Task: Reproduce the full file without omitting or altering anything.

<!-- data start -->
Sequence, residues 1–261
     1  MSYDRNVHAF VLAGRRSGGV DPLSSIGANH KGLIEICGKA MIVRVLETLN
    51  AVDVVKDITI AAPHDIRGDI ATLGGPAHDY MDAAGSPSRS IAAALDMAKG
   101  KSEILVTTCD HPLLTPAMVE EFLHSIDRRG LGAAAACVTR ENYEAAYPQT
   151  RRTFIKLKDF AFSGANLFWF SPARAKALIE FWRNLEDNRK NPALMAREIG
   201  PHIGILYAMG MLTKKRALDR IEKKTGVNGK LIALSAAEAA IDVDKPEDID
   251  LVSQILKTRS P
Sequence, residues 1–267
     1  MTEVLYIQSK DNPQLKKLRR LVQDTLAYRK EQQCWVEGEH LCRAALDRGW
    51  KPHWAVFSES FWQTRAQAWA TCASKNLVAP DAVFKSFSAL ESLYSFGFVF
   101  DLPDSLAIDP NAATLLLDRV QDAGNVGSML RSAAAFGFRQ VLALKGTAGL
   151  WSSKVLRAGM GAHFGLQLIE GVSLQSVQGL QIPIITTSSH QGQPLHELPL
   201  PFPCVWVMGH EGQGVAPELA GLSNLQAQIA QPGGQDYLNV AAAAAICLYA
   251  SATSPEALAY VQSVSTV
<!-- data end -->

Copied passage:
Sequence, residues 1–261
     1  MSYDRNVHAF VLAGRRSGGV DPLSSIGANH KGLIEICGKA MIVRVLETLN
    51  AVDVVKDITI AAPHDIRGDI ATLGGPAHDY MDAAGSPSRS IAAALDMAKG
   101  KSEILVTTCD HPLLTPAMVE EFLHSIDRRG LGAAAACVTR ENYEAAYPQT
   151  RRTFIKLKDF AFSGANLFWF SPARAKALIE FWRNLEDNRK NPALMAREIG
   201  PHIGILYAMG MLTKKRALDR IEKKTGVNGK LIALSAAEAA IDVDKPEDID
   251  LVSQILKTRS P
Sequence, residues 1–267
     1  MTEVLYIQSK DNPQLKKLRR LVQDTLAYRK EQQCWVEGEH LCRAALDRGW
    51  KPHWAVFSES FWQTRAQAWA TCASKNLVAP DAVFKSFSAL ESLYSFGFVF
   101  DLPDSLAIDP NAATLLLDRV QDAGNVGSML RSAAAFGFRQ VLALKGTAGL
   151  WSSKVLRAGM GAHFGLQLIE GVSLQSVQGL QIPIITTSSH QGQPLHELPL
   201  PFPCVWVMGH EGQGVAPELA GLSNLQAQIA QPGGQDYLNV AAAAAICLYA
   251  SATSPEALAY VQSVSTV